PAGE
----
You can get your children the best bed mattress, a bathtub, and the comfiest pajamas in the world, but it won’t matter if they’re being forced into it. Think about it: if they don’t get to decide what time they sleep, where they sleep or what they sleep in, then of course they would resent it. Try taking them with you when it’s time to shop for a new bed or mattress; convince the salespeople to address your kids like grownups. Let them choose which parent they prefer to bathe them. Buy them several sets of jammies so they can choose the ones that fit their mood. Giving them little choices can actually make them want to tuck themselves in.
Establish a wind-down routine
It may not be obvious, but children need structure. Having a routine that they stick to every day gives them a sense of security and reassurance, and it can be a good bonding ritual too. For this reason, you want to establish a set of activities that you and your child can go through every night. This can include reminding them 30 minutes before they have to go to bed, singing them a lullaby, asking them how their day was, and helping them brush their teeth. For young children, you want to stick to this routine even on weekends to help their bodies get used to it. One good trick to get them to stick to this routine is to set up a star chart, and give them a star for things like following the routine without making a fuss, starting the routine without having to be reminded, and so on. The more rewarded they feel, the more likely it is that they’ll behave.
Focus on being kind rather than being right
It may be really tempting to shout at your children, especially when they’re misbehaving and breaking the rules. But remember that when you scream at your kids, they shut down and can’t understand what you’re actually saying. So instead of trying to get your way by yelling at them constantly, consider other strategies that take their needs into account. Calmly remind them why they have to sleep at a certain time, and explain the advantages of a good night’s sleep. You can explain that sleep can help them grow bigger, do better in school, and play better. If your children are really young and they feel tense or uncomfortable, do something to ease the tension, like making funny faces or doing a silly dance.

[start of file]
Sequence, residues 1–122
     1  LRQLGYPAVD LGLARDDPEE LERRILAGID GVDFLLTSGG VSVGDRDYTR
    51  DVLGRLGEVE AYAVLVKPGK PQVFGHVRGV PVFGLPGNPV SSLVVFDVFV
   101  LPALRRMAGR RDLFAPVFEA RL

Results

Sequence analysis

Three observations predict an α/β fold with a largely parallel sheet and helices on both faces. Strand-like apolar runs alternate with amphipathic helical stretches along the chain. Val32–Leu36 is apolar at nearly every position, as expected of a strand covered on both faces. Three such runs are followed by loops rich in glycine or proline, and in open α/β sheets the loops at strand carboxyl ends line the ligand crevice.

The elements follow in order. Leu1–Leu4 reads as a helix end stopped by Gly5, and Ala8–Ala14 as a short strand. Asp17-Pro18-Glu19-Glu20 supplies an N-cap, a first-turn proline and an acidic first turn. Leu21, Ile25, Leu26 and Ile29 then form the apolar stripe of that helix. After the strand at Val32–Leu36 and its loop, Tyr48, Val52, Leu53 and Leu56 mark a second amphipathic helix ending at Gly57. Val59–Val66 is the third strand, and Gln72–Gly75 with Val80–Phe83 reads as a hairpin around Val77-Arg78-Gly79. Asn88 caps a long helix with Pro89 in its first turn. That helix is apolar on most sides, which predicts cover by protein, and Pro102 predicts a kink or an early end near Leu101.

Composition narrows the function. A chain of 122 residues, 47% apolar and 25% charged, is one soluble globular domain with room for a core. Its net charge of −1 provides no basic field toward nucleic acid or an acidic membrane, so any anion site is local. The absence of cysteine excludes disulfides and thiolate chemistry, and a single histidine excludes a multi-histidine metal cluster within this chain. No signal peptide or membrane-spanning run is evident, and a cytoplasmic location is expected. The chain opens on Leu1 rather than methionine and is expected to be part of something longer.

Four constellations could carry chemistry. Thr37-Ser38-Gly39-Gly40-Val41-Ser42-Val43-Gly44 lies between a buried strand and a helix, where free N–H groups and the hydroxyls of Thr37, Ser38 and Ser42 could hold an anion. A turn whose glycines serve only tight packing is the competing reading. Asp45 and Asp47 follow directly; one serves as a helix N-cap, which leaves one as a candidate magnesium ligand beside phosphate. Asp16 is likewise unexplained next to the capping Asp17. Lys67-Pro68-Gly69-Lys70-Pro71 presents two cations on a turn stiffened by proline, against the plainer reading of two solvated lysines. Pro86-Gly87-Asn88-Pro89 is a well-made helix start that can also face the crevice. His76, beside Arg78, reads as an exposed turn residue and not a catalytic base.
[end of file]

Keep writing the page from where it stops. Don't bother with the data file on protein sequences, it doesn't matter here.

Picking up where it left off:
Add a dash of comfort
Of course, comfort is key in getting kids to sleep. They might keep tossing and turning for any number of reasons: the mattress may be too hard or too soft, or perhaps the room’s too hot, or maybe their feet are too cold. If your kids have trouble falling asleep once in bed, ask them why and find solutions with them. Consider getting a memory foam mattress if their current one doesn’t feel right. Work with them to figure out the right temperature setting of the air conditioner, or give them a pair of socks they can sleep in. Aside from helping them sleep better, this process lets your children know how much you care about them.
Like all decent parents, you probably love your children very much, so some of the tips above may feel like dishonest schemes or ploys. It certainly can feel that way when you disregard their immediate desires. But you just have to accept that loving your kids is about giving them what they need, which isn’t always what they want. Of course, you just want what’s best for your kids. Behind every bedtime battle is the sense of care and nurturing that one can only expect from a parent.